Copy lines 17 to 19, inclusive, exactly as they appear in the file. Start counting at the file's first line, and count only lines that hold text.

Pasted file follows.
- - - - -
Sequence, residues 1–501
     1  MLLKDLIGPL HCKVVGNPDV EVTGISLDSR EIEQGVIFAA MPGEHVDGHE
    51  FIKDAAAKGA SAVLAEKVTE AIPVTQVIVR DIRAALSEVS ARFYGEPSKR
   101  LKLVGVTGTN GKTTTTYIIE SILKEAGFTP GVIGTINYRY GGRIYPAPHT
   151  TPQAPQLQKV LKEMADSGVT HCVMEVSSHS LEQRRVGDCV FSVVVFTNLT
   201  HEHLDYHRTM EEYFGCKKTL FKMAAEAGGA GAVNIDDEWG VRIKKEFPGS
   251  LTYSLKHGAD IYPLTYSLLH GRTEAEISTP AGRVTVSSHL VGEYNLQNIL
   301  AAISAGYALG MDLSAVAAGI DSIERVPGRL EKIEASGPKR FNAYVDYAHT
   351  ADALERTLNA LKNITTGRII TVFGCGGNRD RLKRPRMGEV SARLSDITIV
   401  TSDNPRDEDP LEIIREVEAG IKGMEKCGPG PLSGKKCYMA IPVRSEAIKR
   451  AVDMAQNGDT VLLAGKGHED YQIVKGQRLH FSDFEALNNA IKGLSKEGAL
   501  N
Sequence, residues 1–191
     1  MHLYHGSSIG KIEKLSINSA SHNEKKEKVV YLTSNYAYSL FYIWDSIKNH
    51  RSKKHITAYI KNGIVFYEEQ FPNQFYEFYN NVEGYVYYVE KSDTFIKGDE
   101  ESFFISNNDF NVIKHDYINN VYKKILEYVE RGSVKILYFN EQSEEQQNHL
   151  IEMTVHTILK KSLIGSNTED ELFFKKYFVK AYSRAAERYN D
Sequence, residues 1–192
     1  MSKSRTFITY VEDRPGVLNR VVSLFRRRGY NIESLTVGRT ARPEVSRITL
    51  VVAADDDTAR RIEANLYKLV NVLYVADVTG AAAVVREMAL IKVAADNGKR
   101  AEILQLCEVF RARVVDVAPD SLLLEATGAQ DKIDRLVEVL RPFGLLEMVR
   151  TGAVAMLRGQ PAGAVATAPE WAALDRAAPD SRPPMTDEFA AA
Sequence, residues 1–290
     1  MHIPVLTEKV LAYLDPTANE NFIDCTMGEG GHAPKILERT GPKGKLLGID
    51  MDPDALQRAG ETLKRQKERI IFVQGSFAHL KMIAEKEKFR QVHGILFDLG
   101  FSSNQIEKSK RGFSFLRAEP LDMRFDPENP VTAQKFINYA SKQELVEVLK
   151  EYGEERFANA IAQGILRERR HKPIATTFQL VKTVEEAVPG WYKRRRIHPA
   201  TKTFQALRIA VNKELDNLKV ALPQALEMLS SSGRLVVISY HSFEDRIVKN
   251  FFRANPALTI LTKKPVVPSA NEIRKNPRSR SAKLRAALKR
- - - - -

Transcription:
   151  IEMTVHTILK KSLIGSNTED ELFFKKYFVK AYSRAAERYN D
Sequence, residues 1–192
     1  MSKSRTFITY VEDRPGVLNR VVSLFRRRGY NIESLTVGRT ARPEVSRITL